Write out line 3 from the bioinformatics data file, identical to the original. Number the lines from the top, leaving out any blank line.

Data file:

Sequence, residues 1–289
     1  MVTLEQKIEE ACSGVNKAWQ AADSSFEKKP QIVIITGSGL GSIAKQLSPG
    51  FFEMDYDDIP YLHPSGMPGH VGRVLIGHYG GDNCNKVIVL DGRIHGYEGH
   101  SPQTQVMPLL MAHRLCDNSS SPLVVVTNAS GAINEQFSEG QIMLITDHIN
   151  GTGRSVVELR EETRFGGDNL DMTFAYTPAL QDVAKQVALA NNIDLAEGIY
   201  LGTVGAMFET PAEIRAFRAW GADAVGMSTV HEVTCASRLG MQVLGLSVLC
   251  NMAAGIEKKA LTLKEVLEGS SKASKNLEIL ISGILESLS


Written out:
    51  FFEMDYDDIP YLHPSGMPGH VGRVLIGHYG GDNCNKVIVL DGRIHGYEGH